Mag Researcher To Gauge Reader Involvement, Ad Effectiveness

Media research firm Affinity LLC--which made noise recently with its claims to advertisers about a means to test print copy in a more efficient manner--announced the launch of Vista, a new syndicated research product that promises to address two major needs of advertisers, by measuring reader involvement and advertising effectiveness for magazines.

Vista will initially measure the top 50 consumer magazines, which it says account for 65 percent of all print ad dollars. Over the next year and a half, Affinity will field over 350 issue-specific studies covering over 20,000 magazine ads. Over time, Affinity will also monitor reader involvement, and even editorial readership for specific titles.

Affinity Managing Director Tom Robinson believes that Vista will satisfy a growing need among media planners for data that proves accountability.

"There is a lack of performance-based data," says Robinson, a former head of research at the Magazine Publishers of America. "We have a lot of great metrics, but they are basically audience numbers."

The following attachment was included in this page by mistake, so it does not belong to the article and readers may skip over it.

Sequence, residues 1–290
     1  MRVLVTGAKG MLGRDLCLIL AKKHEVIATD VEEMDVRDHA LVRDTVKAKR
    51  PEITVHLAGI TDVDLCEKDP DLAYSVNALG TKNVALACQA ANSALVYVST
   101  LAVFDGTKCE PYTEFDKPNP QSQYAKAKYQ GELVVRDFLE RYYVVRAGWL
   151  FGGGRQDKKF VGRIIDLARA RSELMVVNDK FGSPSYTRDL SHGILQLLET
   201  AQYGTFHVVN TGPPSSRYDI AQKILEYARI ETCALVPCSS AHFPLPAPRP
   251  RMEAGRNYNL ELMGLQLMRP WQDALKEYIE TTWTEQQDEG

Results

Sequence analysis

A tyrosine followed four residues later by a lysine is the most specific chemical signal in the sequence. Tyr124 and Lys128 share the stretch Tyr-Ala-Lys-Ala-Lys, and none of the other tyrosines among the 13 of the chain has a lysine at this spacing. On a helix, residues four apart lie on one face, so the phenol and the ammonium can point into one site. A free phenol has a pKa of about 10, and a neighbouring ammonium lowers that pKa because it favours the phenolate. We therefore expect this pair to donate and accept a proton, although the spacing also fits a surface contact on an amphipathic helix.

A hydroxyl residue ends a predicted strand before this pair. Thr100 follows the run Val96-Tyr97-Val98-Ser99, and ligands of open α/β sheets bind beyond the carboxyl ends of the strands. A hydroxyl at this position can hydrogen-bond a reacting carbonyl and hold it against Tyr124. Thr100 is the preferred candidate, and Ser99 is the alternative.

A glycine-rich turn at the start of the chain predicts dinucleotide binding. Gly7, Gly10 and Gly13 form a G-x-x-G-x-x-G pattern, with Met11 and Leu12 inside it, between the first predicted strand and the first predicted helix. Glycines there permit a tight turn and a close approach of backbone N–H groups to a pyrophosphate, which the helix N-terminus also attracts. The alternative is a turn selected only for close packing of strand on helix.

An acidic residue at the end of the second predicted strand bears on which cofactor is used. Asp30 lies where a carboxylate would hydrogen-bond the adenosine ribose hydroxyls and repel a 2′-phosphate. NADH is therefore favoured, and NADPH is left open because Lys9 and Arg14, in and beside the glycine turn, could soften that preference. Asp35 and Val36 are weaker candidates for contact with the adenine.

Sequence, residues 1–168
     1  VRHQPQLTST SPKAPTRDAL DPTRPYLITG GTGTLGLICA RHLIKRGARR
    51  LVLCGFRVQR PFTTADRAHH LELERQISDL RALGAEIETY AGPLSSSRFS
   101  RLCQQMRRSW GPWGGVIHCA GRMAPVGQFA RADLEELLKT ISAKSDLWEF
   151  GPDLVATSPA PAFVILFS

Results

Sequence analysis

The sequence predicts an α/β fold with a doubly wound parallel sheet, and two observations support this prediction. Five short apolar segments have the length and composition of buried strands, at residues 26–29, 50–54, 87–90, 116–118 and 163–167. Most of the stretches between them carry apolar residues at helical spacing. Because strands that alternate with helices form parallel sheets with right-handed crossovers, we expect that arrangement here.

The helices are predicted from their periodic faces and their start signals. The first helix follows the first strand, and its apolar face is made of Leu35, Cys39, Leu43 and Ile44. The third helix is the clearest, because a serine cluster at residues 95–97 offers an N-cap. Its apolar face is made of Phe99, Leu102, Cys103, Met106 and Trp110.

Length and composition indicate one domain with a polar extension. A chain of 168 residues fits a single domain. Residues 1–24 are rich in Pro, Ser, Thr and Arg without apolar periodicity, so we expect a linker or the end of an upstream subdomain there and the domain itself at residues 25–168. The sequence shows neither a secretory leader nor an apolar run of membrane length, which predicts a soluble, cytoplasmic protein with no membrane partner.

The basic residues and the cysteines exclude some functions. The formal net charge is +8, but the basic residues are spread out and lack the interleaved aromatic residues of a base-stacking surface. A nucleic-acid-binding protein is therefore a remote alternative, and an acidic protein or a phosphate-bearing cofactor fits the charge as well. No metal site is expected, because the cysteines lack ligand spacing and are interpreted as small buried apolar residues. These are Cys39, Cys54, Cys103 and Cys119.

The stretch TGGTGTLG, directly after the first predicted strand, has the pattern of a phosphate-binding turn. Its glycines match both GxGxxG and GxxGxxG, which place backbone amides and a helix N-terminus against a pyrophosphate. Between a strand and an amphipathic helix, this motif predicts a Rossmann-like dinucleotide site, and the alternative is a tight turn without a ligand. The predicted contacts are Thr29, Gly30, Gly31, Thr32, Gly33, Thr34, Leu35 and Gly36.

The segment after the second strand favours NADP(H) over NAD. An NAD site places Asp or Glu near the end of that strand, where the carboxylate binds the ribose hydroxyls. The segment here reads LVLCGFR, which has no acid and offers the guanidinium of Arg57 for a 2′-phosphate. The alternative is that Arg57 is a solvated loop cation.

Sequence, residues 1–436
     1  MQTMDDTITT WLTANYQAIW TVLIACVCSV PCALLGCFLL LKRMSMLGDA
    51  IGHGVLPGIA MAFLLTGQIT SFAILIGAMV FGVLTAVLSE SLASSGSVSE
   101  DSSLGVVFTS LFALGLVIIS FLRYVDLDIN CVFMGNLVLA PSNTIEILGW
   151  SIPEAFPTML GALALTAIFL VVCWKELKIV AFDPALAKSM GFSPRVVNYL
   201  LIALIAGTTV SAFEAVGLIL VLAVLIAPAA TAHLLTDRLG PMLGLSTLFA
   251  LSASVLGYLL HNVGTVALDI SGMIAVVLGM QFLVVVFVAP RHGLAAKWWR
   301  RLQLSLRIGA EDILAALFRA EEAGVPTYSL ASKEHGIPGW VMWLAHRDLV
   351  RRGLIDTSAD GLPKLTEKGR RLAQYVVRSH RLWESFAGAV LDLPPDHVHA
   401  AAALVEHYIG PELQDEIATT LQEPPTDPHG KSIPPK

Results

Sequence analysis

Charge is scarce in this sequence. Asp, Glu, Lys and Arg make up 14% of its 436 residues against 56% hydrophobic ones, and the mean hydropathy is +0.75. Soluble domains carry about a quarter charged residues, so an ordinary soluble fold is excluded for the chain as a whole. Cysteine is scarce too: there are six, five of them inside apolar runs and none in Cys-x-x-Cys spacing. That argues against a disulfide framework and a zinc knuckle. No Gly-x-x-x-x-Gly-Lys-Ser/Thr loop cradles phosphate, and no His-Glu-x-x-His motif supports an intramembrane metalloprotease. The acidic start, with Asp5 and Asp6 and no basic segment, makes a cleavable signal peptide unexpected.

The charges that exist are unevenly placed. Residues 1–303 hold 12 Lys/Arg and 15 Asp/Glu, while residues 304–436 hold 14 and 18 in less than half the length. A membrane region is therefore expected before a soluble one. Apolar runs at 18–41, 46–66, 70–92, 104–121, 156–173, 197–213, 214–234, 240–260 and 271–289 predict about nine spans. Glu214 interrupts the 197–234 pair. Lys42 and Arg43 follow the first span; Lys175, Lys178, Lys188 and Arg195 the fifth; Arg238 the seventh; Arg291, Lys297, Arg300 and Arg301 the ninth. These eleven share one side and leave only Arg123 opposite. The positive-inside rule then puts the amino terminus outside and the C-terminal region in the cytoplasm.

Theoretically, Vista will be able to help planners look much deeper into magazines' strengths--for example, determining the effectiveness of particular placements such as cover positions or editorial adjacencies, and how they perform for specific titles.

Robinson says that Vista was created in conjunction with the media planning community.

"We spent a lot of time with buyers," he says. "We really molded it to what was appropriate to the needs of advertising agencies."

Vista's launch comes during a period when several initiatives have been organized to gauge "wantedness"--or the relationship of readers toward individual magazines.

Monroe Mendelsohn has been signing up major advertisers for its PReSS product, which is said to provide deeper insights into consumers' attitudes toward magazines. In the last several years, Reader's Digest and other titles have formed the Magazine Involvement Alliance, which has been promoting the use of an 'involvement index' via MRI data.

"Any initiative that helps to prove magazine's effectiveness is a good thing," Robinson says. Vista will have some crossover with MRI and these other services, as it will measure data such as average time spent reading and issue frequency. But Vista offers more actionable data, says Robinson.

"We are really different because of our other offerings," he says. "The initial drive for our service is the advertising-related data."

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